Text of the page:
International Criminal Court at The Hague
International Criminal Court at The Hague iStock

The Biden administration plans to “thoroughly review” the sanctions that the Trump administration imposed on the prosecutor’s office of the international criminal court (ICC).

“The United States shares the goals of the ICC in promoting accountability for the worst crimes known to humanity. At the same time, the United States has always taken the position that the court’s jurisdiction should be reserved for countries that consent to it, or that are referred by the UN Security Council,” said a State Department spokesperson quoted in The Guardian.

“Much as we disagree with the ICC’s actions relating to the Afghanistan and Israeli/Palestinian situations, the sanctions will be thoroughly reviewed as we determine our next steps,” the spokesperson added.

In September, then-Secretary of State Mike Pompeo slapped sanctions on the top prosecutor of the ICC, Fatou Bensouda, and another senior ICC official, Phakiso Mochochoko, after earlier visa bans on Bensouda and others failed to head off the court's war crimes probe into US military personnel in Afghanistan.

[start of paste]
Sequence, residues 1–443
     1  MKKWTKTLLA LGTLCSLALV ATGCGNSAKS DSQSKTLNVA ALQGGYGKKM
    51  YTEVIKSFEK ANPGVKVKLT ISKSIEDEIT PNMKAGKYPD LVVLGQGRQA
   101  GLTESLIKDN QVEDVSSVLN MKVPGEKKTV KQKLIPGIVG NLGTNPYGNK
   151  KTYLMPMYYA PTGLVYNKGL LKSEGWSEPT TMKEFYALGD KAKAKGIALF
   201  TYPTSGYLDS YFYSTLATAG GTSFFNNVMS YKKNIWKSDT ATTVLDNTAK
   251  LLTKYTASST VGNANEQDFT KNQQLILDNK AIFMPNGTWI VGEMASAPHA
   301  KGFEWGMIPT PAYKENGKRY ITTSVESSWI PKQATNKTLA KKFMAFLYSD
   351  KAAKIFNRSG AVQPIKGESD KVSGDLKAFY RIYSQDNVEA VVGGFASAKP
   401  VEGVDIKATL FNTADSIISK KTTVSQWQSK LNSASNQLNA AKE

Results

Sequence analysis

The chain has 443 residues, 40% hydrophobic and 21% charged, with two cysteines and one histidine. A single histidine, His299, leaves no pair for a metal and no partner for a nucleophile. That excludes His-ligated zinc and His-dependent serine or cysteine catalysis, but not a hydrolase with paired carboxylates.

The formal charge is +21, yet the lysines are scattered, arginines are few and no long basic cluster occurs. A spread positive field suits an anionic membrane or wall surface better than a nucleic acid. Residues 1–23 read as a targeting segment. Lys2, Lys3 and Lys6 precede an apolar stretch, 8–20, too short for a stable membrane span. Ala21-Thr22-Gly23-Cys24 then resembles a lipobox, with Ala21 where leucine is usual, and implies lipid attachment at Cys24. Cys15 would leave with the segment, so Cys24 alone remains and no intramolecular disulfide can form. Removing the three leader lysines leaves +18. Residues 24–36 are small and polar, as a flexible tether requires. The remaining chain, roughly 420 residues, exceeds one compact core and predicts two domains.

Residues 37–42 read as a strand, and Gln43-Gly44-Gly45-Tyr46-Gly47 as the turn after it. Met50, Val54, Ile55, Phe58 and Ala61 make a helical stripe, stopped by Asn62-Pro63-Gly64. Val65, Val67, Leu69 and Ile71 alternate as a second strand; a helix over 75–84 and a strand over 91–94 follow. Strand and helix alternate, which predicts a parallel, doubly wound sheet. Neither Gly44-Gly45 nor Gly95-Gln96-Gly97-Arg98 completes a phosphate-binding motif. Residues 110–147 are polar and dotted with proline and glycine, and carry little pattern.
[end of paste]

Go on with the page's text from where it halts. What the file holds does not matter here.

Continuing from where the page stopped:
Several months earlier, then-President Donald Trump signed an executive order imposing sanctions on individuals involved in the ICC investigation into alleged US war crimes in Afghanistan.

The order authorized Pompeo to freeze assets of ICC officials involved in the investigation. In addition, Pompeo is authorized to block these officials from entering the US.

Trump also cited the ICC's war crimes investigations against Israel when signing the order.

Bensouda announced in late 2019 that she intends to open a full investigation into alleged Israeli “war crimes”, and later ruled that “Palestine” is a state and the ICC has jurisdiction involving its cases.